# Making random draws from an arbitrarily defined pdf

July 23, 2014
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(This article was first published on Econometrics by Simulation, and kindly contributed to R-bloggers)

I recently found myself in need of a function to sample randomly from an arbitrarily defined probability density function. An excellent post by Quantitations shows how to accomplish this using some of Rs fairly sophisticated functional approximation tools such as integrate and uniroot. The only problem with this excellent post was that the machine cost was enormous with samples of 1000 draws taking 5 seconds on my machine with repeated samples of 100,000+ draws (which I was after) clearly being unworkable.

Thus I decided to take my own crack at it. First let us review the basics of drawing random variables from non-uniform distributions. The standard method I think most algorithms use works as follows:

Assumptions
1. You can draw pseudo-random uniform variable u
2. You can integrate the pdf to construct a cdf
$$p = F(x) = \int_{-\infty}^\infty f(x) dx$$
3. You can invert the cdf in order to solve for p
$$G(F(x))=F^{-1}(F(x))=F^{-1}(p)=x$$

The method thus relies upon the somewhat simple method of calculating x by drawing u and plugging into G (the inverse of F).

Now let us assume that we are in a bit of a bind. We can neither integrate f(x) nor invert F(x). The previously mentioned post by Quantitations demonstrates how to do the operation in this case by directly approximating the cdf followed by approximating the inverse. This process is computationally intensive for simple functions and extremely time consuming for complex functions.

In contrast I approximate the cdf by drawing x values and associated probabilities from the pdf along a user specified range. I create a matrix of bins over which the approximate cdf is divided into. After that I apply some function (mean or median) over the range of x which corresponds to each bin providing an x point value for each cdf bin value.  The gacdf returns a list of results from this process.

The ricdf function then takes the list of returns and is able to draw values from the approximated inverse cdf. Once the gicdf has completed its operation, ricdf is able to generate variables nearly as fast as that of standard non-uniform random variables.

As a matter of comparison, I define the funciton f as the pdf of the normal (dnorm) in R and draw from it 1000 time. Using rnorm, ricdf [defined in this post], and samplepdf [defined at Quantitations] I graphically see how the three draws compare below.
 Three random sampling procedures for the random normal.
On the graph, Black type=0, is rnorm. Dark blue type=1, is ricdf. Light blue, type=2 is samplepdf. Redrawing the graph several times, visually I could not tell the difference between the three methods.

Comparing run times of the three methods over ten repetitions rnorm used no seconds, ricdf (with ficdf) used .8 seconds, and samplepdf used 5. Because ricdf and gicdf are separate functions with gicdf setting up the table to draw from, we only need to set it up once per pdf so ricf can be benchmarked separately from gicfd. Comparing 1000 replications of rnorm and ricdf, rnorm took .1 seconds and ricdf took .11 seconds. I did not compare with samplepdf which I expected would take 5200 seconds (87 minutes).

For fun I have generated several other strange 'proportional' pdfs.  I say proportional because strictly speaking pdfs are required to integrate to 1. However, gicdf forces the probabilities to sum to 1 across the range making the formal requirement not necessary.

I define a piecewise pdf

And sample from it.

I also define a multimodal  pdf

And sample from it.

Find the R code below or the gist on github.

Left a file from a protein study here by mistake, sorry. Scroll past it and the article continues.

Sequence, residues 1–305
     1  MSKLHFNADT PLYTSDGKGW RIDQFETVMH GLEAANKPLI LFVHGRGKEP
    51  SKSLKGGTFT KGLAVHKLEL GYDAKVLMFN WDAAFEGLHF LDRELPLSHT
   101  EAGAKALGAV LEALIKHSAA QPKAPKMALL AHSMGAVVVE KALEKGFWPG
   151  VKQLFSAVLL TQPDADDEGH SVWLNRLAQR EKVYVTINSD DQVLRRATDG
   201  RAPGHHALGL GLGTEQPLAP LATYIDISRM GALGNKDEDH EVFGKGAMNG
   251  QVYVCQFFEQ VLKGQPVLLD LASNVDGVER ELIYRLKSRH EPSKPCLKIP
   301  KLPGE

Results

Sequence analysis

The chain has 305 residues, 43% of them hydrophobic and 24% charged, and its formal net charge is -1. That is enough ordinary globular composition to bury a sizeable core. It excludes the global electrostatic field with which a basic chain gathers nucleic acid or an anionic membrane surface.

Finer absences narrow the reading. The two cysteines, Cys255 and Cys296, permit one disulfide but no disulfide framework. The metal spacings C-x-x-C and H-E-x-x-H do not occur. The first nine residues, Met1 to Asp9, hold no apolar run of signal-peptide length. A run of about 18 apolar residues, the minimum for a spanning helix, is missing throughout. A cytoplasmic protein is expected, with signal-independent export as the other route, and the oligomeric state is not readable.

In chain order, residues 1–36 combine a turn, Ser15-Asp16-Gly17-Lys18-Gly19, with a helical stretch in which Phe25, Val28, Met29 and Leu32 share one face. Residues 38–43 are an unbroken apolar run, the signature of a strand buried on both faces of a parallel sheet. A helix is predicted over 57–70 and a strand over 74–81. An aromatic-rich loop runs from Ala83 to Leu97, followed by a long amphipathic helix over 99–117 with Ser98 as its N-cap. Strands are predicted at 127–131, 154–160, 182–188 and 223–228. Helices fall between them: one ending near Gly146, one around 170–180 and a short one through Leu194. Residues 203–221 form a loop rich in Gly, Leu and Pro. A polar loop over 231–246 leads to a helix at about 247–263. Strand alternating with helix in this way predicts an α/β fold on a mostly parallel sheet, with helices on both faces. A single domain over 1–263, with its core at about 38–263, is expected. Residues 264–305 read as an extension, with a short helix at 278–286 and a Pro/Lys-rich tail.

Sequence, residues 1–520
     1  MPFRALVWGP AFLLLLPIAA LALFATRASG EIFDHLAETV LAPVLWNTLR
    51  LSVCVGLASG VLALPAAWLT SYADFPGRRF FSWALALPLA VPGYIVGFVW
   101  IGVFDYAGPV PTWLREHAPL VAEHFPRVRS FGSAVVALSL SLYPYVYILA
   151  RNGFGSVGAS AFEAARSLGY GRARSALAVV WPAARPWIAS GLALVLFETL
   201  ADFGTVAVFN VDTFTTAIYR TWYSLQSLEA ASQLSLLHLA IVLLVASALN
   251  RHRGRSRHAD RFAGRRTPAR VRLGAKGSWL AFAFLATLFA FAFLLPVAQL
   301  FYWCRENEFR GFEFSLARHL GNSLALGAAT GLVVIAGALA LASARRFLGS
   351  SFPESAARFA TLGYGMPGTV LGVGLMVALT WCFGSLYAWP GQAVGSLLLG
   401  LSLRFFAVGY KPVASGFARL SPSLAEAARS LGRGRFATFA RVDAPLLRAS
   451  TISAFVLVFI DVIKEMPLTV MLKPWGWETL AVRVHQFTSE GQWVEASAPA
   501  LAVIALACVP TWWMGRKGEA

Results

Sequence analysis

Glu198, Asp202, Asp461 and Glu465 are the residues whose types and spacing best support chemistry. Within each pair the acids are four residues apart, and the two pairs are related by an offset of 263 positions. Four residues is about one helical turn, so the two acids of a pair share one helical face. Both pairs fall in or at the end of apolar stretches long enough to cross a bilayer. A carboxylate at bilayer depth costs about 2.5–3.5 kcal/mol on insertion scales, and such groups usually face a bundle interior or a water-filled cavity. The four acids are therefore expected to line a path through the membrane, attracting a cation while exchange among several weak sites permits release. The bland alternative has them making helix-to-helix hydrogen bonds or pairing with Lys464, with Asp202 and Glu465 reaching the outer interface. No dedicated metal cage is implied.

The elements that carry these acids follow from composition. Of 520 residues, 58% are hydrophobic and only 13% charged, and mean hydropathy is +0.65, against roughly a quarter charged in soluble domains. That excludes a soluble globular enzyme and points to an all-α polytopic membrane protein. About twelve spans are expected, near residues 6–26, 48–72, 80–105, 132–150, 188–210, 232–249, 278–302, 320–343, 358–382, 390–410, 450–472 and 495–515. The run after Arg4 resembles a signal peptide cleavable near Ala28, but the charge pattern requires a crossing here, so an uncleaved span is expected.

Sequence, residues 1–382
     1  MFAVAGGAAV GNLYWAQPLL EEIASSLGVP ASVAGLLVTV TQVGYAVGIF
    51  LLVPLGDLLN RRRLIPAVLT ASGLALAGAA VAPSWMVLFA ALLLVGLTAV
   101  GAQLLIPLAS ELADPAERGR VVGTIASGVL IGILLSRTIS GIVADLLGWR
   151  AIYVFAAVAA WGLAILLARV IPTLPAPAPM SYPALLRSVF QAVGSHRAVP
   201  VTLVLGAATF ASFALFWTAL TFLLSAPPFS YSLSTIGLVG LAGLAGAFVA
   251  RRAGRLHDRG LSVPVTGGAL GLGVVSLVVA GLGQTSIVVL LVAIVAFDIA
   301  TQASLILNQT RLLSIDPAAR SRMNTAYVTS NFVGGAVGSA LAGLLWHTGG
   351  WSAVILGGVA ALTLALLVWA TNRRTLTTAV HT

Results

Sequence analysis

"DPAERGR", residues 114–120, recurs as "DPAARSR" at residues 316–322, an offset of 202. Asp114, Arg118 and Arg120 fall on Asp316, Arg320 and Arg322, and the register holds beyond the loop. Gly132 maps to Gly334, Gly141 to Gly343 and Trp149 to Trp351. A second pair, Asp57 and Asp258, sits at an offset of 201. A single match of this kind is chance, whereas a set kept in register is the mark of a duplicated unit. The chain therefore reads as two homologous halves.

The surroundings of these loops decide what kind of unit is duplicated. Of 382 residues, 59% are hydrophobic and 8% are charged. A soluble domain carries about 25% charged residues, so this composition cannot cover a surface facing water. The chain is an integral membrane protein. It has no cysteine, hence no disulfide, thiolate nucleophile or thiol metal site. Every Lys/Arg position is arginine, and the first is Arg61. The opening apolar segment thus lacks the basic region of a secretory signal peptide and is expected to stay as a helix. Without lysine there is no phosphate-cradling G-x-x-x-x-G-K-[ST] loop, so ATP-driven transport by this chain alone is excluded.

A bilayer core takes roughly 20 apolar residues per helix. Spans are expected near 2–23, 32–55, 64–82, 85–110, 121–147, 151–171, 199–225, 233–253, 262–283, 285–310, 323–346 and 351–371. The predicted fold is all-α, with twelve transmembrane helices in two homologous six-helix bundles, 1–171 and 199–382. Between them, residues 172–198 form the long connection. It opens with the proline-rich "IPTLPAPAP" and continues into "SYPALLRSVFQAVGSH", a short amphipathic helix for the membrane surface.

gicdf <- function(fun,                  min=-3.5,                  max=3.5,                  bins=1000,                  nqratio=10,                  grouping=mean,                  ...) {  # Generate an inverse CDF of an arbitrary function  fun <- match.fun(fun)  grouping <- match.fun(grouping)   # Number of points to draw  nq=nqratio*bins   # Draw indexes  qdraw <- seq(min, max,length.out=nq)   # Calculate proportional probability of each draw  pdraw <- fun(qdraw,...)   # Rescale probability sum to 1, rescale  pdraw <- pdraw/sum(pdraw)   # Calculate the cumulative probability at each qdraw  cpdraw <- cumsum(pdraw)   # Caculate the cumulative probability at each bin  pbin <- (1:bins)/bins  xbin <- NA*(1:bins)   for (i in 1:bins) {    xbin[i] <- grouping(qdraw[cpdraw<pbin[i]&cpdraw>0], na.rm = TRUE)    cpdraw[cpdraw<pbin[i]] <- 2  }   (draw.set <- list(digits=floor(log10(bins)), xbin=xbin, pbin=pbin))} # Draw from acdfricdf <- function(N, draw.set) {  digits <- draw.set$digits pdraws <- ceiling(runif(N)*10^digits)/10^digits draw.set$xbin[match(pdraws,draw.set$pbin)]} # Define an arbitrary pdf f: to compare lets start with normal pdff <- function(x) dnorm(x) library(ggplot2) # set the number to samplensamples <- 1000 # Draw from rnormsample0 <- cbind(draw=rnorm(nsamples), type=0) # Draw inverted cdf distribution information for range between -4 and 4# using mean approachsample1 <- cbind(draw=ricdf(nsamples, gicdf(f,min=-4,max=4)), type=1) # samplepdf and endsign defined on Quantitations blog# begin Quantitations codeendsign <- function(f, sign = 1) { b <- sign while (sign * f(b) < 0) b <- 10 * b return(b)}samplepdf <- function(n, pdf, ..., spdf.lower = -Inf, spdf.upper = Inf) { vpdf <- function(v) sapply(v, pdf, ...) # vectorize cdf <- function(x) integrate(vpdf, spdf.lower, x)$value  invcdf <- function(u) {    subcdf <- function(t) cdf(t) - u    if (spdf.lower == -Inf)       spdf.lower <- endsign(subcdf, -1)    if (spdf.upper == Inf)       spdf.upper <- endsign(subcdf)    return(uniroot(subcdf, lower=spdf.lower, upper=spdf.upper)\$root)  }  sapply(runif(n), invcdf)}# end Quantitations codesample2 <- cbind(draw=samplepdf(nsamples, f), type=2) # join the three samples togethersamples <- as.data.frame(rbind(sample0, sample1, sample2)) ggplot(samples, aes(x=draw, color=type))+  geom_density(aes(group=type, size=-type)) library(rbenchmark)# Let us do some speed comparisonsbenchmark(rnorm(nsamples),           ricdf(nsamples, gicdf(f,min=-4,max=4)),          samplepdf(nsamples, f),          replications=10)# test replications elapsed relative user.self#2 ricdf(nsamples, gicdf(f, min = -4, max = 4))   10    7.97#1                              rnorm(nsamples)   10    0.00#3                       samplepdf(nsamples, f)   10   52.39 # This sets the entire process of generating and drawing from ricdf as about 7 times # faster than samplepdf. However, if we seperate the gicdf function from the # ricdf function which only need be run each time a new pdf is input, then we can# considerably increase run speeds. myicdf <- gicdf(f,min=-4,max=4)# Sets up the initial icdf to draw from.  benchmark(rnorm(nsamples), ricdf(nsamples, myicdf), replications=1000)# elapsed time for rnorm = .10 seconds and ricdf = .11# thus drawing from ricdf can be extremely fast # Now let's look at an unusual proportional pdf distributionf <- function(x) {  p <- rep(0, length(x))  p[x>0&x<1] <- x[x>0&x<1]^2  p[x>2&x<3] <- 3-x[x>2&x<3]^.5  p[x>4&x<5] <- x[x>4&x<5]  p} x <- seq(-1,6,.01)plot(x,f(x), type='l',      xlab='Proportional Probability',     main='Proportional pdf')# A key thing to note is that the pdf does not need to integrate to 1.# The gicdf function will rescale it to ensure it does.# However, it should all be positive # I define bins as equal to 10,000 when normally they are equal to 1000myicdf <- gicdf(f,min=-1,max=6, bins=1000)samples <- data.frame(draws=ricdf(100000,myicdf)) ggplot(samples, aes(x=draws))+  geom_histogram(binwidth=.1)+  aes(y = ..density..)  # Okay here is one more probabilityf <- function(x) dnorm(x)*abs(1+x^4) x <- seq(-5,5,.01)plot(x,f(x), type='l',      xlab='Proportional Probability',     main='Proportional pdf2')  myicdf <- gicdf(f,min=-5,max=5, bins=1000)samples <- data.frame(draws=ricdf(100000,myicdf)) ggplot(samples, aes(x=draws))+  geom_histogram(binwidth=.2)+  aes(y = ..density..) # I will leave you to define your own pdfs to draw from.# If you end up using this method, please cite!